Section 8 tenants need to be managed by a qualified landlord just like non-Section 8 tenants: being in a government-sponsored program won’t get people to behave if they choose to act like heathens. Finding and keeping good tenants is the primary role of the qualified landlord; failing to perform this function correctly will lead to disaster regardless who is paying the rent.
One more thing: your unit must pass inspection prior to the tenant moving in. Sometimes this can cost you quite a bit and significant work to do these things, but you do it. Section 8 will also require you to prove that all real estate taxes are paid up, and that all municipal utilities are working and paid up BEFORE the tenant moves in. You figure, wow that’s strict, but I’ll have some protection, right? WRONG! At the end of the year, when you decide not to rent to the tenant again, and you inform Section 8, you might think the Section 8 office would verify that the tenant has paid up all the utilities prior to giving them a new voucher for the next place, right? No! You might think the Section 8 office is going to inspect the property-the one you worked long and hard and spent money to meet their standards-prior to the tenant moving out and getting a voucher for the next place, right? WRONG! The Section 8 program places great requirements on the landlord at the outset (and periodically if the contract is re-newed) but never places this same burden on the tenant. They simply let the tenant move on and you get stuck with the unpaid water and sewer bills and their junk left in your unit.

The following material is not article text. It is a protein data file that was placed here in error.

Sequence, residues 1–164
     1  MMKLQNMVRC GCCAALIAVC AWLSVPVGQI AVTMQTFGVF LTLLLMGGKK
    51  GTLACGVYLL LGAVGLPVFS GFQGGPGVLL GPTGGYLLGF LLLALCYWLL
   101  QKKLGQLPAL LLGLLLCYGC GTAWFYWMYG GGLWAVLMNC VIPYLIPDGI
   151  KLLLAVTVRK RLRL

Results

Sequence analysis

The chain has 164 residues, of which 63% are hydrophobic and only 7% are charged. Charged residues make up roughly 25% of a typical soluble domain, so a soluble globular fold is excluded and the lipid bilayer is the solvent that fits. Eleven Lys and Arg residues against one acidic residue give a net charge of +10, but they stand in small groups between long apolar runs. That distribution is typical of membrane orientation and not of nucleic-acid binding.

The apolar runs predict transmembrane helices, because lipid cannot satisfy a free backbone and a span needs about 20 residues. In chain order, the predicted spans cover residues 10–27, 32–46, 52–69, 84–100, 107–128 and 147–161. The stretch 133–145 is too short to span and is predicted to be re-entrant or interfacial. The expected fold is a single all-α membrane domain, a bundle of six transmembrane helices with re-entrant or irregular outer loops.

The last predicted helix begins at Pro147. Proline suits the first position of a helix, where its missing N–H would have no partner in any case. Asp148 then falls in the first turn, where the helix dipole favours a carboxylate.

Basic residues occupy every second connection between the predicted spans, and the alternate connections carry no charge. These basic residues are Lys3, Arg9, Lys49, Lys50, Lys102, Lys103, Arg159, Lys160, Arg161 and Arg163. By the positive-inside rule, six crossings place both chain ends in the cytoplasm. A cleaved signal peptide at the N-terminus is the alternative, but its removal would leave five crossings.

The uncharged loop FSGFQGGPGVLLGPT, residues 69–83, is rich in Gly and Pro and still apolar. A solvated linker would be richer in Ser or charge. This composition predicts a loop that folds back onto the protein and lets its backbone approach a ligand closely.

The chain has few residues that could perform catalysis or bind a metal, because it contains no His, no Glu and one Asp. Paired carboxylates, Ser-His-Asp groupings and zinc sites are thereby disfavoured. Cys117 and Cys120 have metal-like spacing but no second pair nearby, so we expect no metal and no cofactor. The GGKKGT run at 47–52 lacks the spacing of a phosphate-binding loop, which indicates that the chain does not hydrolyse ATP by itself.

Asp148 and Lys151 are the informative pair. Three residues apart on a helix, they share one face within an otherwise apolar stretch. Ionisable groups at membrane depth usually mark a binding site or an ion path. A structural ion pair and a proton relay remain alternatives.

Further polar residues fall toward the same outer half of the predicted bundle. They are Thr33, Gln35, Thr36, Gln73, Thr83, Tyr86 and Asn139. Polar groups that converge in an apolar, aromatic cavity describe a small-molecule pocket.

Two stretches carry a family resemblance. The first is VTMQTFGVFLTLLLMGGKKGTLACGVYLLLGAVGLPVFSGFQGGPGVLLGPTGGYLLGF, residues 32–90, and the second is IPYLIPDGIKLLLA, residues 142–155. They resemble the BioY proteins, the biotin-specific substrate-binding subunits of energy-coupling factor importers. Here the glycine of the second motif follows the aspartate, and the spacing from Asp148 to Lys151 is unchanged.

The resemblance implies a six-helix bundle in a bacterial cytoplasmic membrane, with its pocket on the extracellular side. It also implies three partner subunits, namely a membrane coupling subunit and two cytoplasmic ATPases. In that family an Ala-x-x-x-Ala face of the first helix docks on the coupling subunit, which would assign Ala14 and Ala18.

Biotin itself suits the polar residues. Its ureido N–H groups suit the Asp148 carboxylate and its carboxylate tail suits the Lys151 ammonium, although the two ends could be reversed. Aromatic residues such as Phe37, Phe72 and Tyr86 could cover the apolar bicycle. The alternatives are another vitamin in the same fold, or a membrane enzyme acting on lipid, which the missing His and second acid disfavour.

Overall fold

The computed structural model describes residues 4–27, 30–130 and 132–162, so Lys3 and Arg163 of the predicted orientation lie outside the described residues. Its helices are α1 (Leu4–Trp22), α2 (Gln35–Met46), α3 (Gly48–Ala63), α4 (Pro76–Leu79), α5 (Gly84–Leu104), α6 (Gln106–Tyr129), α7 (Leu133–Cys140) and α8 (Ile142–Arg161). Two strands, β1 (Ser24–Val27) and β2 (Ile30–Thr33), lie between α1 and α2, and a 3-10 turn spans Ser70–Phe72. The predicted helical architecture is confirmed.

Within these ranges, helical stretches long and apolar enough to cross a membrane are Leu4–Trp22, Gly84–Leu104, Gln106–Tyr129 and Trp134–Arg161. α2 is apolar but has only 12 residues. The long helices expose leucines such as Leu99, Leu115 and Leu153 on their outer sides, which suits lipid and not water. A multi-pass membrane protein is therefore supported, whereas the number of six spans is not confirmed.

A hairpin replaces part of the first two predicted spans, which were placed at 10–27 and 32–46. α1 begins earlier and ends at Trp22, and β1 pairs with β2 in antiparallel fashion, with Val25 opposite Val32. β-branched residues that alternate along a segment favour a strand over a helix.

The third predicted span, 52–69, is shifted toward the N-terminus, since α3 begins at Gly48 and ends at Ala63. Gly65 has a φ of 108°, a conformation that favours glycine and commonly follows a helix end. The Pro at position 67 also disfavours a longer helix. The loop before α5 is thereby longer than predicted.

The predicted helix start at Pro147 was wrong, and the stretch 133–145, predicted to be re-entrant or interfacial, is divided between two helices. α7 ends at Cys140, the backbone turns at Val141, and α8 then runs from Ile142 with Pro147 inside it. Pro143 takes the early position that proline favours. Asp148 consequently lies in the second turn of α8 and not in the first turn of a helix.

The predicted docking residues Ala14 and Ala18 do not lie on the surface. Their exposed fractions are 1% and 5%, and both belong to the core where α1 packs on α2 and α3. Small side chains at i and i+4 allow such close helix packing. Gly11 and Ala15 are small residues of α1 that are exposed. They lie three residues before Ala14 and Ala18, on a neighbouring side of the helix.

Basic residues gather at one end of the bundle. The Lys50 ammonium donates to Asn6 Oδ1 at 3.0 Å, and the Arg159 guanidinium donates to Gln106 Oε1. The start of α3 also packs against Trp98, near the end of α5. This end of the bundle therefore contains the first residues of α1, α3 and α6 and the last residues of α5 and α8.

Be sure to take a lot of pictures before you rent and after the tenant moves out, just as you should for any tenant. Also, if the utilities aren’t paid in full each month, you may have to threaten to evict them to get them to pay their bills. Be sure the Section 8 tenant pays their utilities each month in full. The Section 8 office leaves you with ALL the responsibility, so don’t expect anything but a rent check from them.
I will never understand how a government-run program can give a taxpayer-supported voucher to a tenant who left behind a mess of junk and unpaid utility bills for a landlord: to me, that is the number one reason landlords don’t want to participate in the program. In the end, the landlord gets screwed by the tenant AND Uncle Sam.
Good luck. Tim